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AIRBORNE KINEMATIC GPS POSITIONING FOR PHOTOGRAMMETRY THE DETERMINATION OF THE CAMERA EXPOSURE ... - page 2 / 11

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RELATIONSHIP OF THE GPS ANTENNA PHASE CENTER TO EXPOSURE STATION

The GPS receiver collects the carrier phase and

pseudo-range information pertaining to aircraft throughout the photo mission.

the trajectory of the The raw data is post

processed into trajectory information consisting of GPS

time-tagged geocentric positions for center. This position is correlated station through time and orientation

the GPS antenna phase to the camera exposure of the spatial offsets

exposure

must be

computed

by

exposure

station

position

can

between two origins, earth center and photo center. rarely coincide with the times at which the antenna

Exposures positions

are recorded.

Therefore,

of

the antenna position at

interpolation.

The

then

be

determined

the time camera using an

orthogonal

three-dimensional

transformation

incorporating

the

spatial

offsets

between

the

entrance

node

of

the

lens

system

and GPS antenna phase center and a elements of exterior orientation.

priori estimates for the These a priori estimates

may be refined during aerotriangulation and more accurate

exposure stations aerotriangulation

computed solution

after each iteration of the

(Lucas

1989).

The

error

of

the

individual component observations can be process to yield a variance-covariance exposure station.

propagated during this matrix for the camera

INTERPOLATION ACCURACY AS A FUNCTION OF GPS SAMPLING RATE

Since it is not presently practical to control the GPS collection by the exposure event, the antenna phase center position at the time of exposure must be computed by interpolating the aircraft trajectory after the appropriate timing biases have been removed from the observed exposure time.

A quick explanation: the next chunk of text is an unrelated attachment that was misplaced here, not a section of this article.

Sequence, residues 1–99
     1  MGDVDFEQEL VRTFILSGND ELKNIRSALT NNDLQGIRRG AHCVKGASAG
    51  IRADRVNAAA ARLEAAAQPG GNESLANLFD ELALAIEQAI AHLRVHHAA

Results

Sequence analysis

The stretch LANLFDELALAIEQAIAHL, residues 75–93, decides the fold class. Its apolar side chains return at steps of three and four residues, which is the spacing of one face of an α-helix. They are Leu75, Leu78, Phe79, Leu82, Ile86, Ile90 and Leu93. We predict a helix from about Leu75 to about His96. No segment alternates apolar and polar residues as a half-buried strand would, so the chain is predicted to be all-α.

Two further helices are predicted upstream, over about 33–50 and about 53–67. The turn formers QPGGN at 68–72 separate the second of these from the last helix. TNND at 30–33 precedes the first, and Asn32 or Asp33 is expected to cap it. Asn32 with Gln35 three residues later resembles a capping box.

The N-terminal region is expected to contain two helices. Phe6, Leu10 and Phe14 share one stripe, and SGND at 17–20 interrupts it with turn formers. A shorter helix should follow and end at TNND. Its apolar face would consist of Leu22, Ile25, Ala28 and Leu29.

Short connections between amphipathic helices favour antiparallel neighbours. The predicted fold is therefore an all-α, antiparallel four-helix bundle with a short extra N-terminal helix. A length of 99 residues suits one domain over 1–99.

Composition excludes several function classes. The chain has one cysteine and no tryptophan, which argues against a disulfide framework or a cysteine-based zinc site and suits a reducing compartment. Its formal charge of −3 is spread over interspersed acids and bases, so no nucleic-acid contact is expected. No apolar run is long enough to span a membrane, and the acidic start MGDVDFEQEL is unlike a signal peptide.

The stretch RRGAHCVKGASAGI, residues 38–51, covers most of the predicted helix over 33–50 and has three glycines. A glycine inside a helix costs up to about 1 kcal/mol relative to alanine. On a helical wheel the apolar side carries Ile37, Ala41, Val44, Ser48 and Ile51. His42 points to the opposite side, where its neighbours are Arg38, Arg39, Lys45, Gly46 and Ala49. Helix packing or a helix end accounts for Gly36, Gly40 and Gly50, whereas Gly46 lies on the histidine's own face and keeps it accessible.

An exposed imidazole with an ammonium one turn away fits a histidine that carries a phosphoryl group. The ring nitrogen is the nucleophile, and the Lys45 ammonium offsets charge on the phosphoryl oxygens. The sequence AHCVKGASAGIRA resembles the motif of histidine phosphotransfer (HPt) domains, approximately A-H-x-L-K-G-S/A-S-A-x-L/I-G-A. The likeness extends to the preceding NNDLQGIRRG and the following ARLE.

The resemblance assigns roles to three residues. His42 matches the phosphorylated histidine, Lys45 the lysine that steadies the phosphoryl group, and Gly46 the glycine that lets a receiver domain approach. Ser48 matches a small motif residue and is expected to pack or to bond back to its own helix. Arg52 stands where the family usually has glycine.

The exposure station position accuracy is a function of the kinematic positioning accuracy (1 or 2 cm relative accuracy for most geodetic quality GPS receivers), sampling rate and

interpolation model. sampling rates in part

GPS receiver manufactures have increased to enhance the accuracy of interpolation.

The inclination would be to sample the GPS receiver at as high a frequency as possible to minimize the time difference between

GPS the

epochs and

exposure

processing

burden.

times.

A

more

This practice also increases

practical

solution

would

be

to

select a exposure

sampling rate and interpolation model station accuracy commensurate with the

which final

yield mapping

product effort.

while at the same time minimizing post processing Operational experience gained by NOAA has demonstrated

that a 1 hertz GPS sample is as 1:10,000 when using the

adequate for photo scales as large interpolation model discussed in

this paper.

Higher sampling rates or more different

interpolation

models

may

be

necessary

for

low

altitude

(larger

scale)

photography

to

accommodate

aircraft

trajectories

influenced by short period turbulence. following analysis of the interpolation

To this end, the process is presented.

The GPS signals are generally sampled on a nearly uniform time interval affected only by a very small (one usec/sec) (King

and

Durboraw

1988)

drift

in

the

receiver

clock.

The

signals,

subsequent to being clock drift removed

post-processed generally have receiver and are time shifted so that all antenna

positions are equally spaced in time.

The interpolation

becomes

simplified

since

the

data

points

are

evenly

spaced

in

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